after at most p (|x|) steps, for all x {0, 1} .

Now P, or Polynomial-Time, is the class of all languages L for which there exists a Turing

machine M that decides L in polynomial time. Also, NP, or Nondeterministic Polynomial-Time,

5

The reason for this caveat is that, if a programming language were inherently limited to (say) 64K of memory,

there would be only nitely many possible program behaviors, so in principle we could just cache everything in a

giant lookup table. Many programming languages do impose a nite upper bound on the addressable memory, but

they could easily be generalized to remove this restriction (or one could consider programs that store information on

external I/O devices).

6

I should stress that, once we specify which computational models we have in mindTuring machines, Intel

machine code, etc.the polynomial-time equivalence of those models is typically a theorem, though a rather tedious

one. The thesis of the Extended Church-Turing Thesis, the part not susceptible to proof, is that all other

reasonable models of digital computation will also be equivalent to those models.

11

is the class of languages L for which there exists a polynomial-time Turing machine M , and a

polynomial p, such that for all x {0, 1} ,

In other words, NP is the class of languages L for which, whenever x L, there exists a polynomial-

size witness string w, which enables a polynomial-time verier M to recognize that indeed

x L. Conversely, whenever x L, there must be no w that causes M (x, w) to accept.

Theres an earlier denition of NP, which explains its ungainly name. Namely, we can dene a

nondeterministic Turing machine as a Turing machine that when it sees a fork in the road, takes

it: that is, thats allowed to transition from a single state at time t to multiple possible states at

time t + 1. We say that a machine accepts its input x, if there exists a list of valid transitions

between states, s1 s2 s3 , that the machine could make on input x that terminates in

an accepting state sAccept . The machine rejects if theres no such accepting path. The running

time of such a machine is the maximum number of steps taken along any path, until the machine

either accepts or rejects.7 We can then dene NP as the class of all languages L for which there

exists a nondeterministic Turing machine that decides L in polynomial time. Its clear that NP, so

dened, is equivalent to the more intuitive verier denition that we gave earlier. In one direction,

if we have a polynomial-time verier M , then a nondeterministic Turing machine can create paths

corresponding to all possible witness strings w, and accept if and only if there exists a w such that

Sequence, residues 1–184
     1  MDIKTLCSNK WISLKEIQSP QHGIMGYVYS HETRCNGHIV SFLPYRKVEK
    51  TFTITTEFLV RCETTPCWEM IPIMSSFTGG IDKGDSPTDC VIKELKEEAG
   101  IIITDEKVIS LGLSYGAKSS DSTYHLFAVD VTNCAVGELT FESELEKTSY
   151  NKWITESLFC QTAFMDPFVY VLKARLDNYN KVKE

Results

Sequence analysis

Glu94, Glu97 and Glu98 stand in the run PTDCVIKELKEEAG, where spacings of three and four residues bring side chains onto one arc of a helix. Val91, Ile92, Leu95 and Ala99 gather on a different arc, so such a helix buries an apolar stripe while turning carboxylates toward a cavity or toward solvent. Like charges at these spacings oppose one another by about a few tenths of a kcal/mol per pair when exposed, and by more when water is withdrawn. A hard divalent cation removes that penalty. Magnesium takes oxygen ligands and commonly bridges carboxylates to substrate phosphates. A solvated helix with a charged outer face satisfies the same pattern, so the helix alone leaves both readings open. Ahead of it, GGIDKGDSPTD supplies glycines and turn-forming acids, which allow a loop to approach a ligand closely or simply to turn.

M (x, w) accepts. In the other direction, if we have a nondeterministic Turing machine M , then

a verier can take as its witness string w a description of a claimed path that causes M (x) to

accept, then check that the path indeed does so.

Clearly P NP, since an NP verier M can just ignore its witness w, and try to decide in

polynomial time whether x L itself. The central conjecture is that this containment is strict.

Conjecture 1 P = NP.

2.1 NP-Completeness

?

A further concept, not part of the statement of P = NP but central to any discussion of it, is

NP-completeness. To explain this requires a few more denitions. An oracle Turing machine is

a Turing machine that, at any time, can submit an instance x to an oracle: a device that, in a

single time step, returns a bit indicating whether x belongs to some given language L. Though it

sounds fanciful, this notion is what lets us relate dierent computational problems to each other,

and as such is one of the central concepts in computer science. An oracle that answers all queries

consistently with L is called an L-oracle, and we write M L to denote the (oracle) Turing machine

M with L-oracle. We can then dene PL , or P relative to L, as the class of all languages L for

which there exists an oracle machine M such that M L decides L in polynomial time. If L PL ,

then we also write L TP L, which means L is polynomial-time Turing-reducible to L. Note

that polynomial-time Turing-reducibility is indeed a partial order relation (i.e., its transitive and

reexive).

7

Or one could consider the minimum number of steps along any accepting path; the resulting class will be the

same.

12

Figure 1: P, NP, NP-hard, and NP-complete